Health officials confirm first probable case of monkeypox in Missouri

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Jun. 19—Missouri health officials on Saturday announced the first probable monkeypox case in the state, in a Kansas City resident who had recently traveled out of the state.

Initial testing was completed Saturday at the Missouri State Public Health Laboratory, and confirmatory testing for monkeypox is pending at the U.S. Centers for Disease Control and Prevention. Based on initial epidemiologic characteristics and the positive orthopoxvirus result at the state laboratory, health officials consider this a probable monkeypox infection, according to a release from the Missouri Department of Health and Senior Services.

Disease investigators with the Kansas City Health Department are working to determine if the patient may have been in contact with any individuals while infectious, the state health department said. Health officials will notify any individuals if they are deemed at risk for exposure.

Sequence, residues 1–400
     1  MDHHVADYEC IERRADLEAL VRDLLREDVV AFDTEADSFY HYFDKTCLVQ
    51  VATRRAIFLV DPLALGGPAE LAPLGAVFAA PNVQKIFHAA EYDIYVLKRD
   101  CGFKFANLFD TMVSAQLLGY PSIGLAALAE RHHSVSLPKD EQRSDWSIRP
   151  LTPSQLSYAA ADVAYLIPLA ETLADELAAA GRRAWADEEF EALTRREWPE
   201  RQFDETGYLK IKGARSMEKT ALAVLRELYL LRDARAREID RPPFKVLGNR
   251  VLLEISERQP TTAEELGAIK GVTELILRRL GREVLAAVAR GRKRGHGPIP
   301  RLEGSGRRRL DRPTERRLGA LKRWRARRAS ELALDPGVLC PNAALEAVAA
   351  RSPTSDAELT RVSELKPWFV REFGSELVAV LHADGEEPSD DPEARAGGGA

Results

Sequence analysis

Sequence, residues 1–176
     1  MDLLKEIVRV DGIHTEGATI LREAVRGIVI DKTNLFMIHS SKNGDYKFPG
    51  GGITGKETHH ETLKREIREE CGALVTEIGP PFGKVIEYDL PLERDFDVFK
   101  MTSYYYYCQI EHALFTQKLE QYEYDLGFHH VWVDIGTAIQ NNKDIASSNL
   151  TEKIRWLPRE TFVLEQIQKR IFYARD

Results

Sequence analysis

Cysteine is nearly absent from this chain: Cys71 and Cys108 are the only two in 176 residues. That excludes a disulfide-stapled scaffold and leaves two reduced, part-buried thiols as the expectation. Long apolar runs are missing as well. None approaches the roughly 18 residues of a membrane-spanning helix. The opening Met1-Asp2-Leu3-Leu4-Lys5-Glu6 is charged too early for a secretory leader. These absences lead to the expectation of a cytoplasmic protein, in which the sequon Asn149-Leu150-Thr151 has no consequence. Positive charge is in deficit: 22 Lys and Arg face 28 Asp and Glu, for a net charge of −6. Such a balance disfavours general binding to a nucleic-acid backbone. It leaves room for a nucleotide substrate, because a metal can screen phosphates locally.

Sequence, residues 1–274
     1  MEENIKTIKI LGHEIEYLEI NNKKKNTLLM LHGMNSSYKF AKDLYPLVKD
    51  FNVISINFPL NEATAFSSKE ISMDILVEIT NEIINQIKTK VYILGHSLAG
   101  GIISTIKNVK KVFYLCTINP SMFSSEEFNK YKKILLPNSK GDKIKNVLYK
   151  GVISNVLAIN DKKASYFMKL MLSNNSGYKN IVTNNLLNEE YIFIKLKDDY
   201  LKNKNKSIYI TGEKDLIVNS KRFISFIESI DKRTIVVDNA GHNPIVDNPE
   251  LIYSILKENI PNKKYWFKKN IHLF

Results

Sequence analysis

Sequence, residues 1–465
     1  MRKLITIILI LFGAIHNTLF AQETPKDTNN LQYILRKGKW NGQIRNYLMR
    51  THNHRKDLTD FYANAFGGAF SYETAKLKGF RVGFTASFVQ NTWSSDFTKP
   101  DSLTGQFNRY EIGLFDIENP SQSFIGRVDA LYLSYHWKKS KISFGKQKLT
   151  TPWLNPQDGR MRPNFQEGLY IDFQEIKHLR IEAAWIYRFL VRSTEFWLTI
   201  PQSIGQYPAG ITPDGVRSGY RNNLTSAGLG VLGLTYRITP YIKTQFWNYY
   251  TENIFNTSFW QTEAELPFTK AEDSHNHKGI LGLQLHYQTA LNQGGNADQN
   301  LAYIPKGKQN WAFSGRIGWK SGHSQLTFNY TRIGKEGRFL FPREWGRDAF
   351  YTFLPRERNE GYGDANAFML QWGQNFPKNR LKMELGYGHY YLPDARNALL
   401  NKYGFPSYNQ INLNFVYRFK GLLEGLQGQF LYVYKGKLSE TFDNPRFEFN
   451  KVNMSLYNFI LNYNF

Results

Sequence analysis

The patient did not require hospitalization, state health officials said. No further details about the patient were expected to be released, the state said.

State health officials said there is no indication there is a great risk of extensive local spread of the virus, as monkeypox does not spread as easily as the COVID-19 virus. Person-to-person transmission is possible through close physical contact with body fluids, monkeypox sores, items that have been contaminated with fluids or sores such as clothing or bedding, or through respiratory droplets following prolonged face-to-face contact.

Monkeypox is a rare but potentially serious viral illness. It typically begins with flu-like symptoms and swelling of the lymph nodes, and progresses to a rash on the face and body. Most infections last two to four weeks.

Monkeypox is typically endemic to parts of central and west Africa. Multiple cases of monkeypox recently have been reported in several countries that do not normally report monkeypox, including the U.S. As of Saturday, the CDC reports 113 confirmed cases of orthopox/monkeypox across multiple states.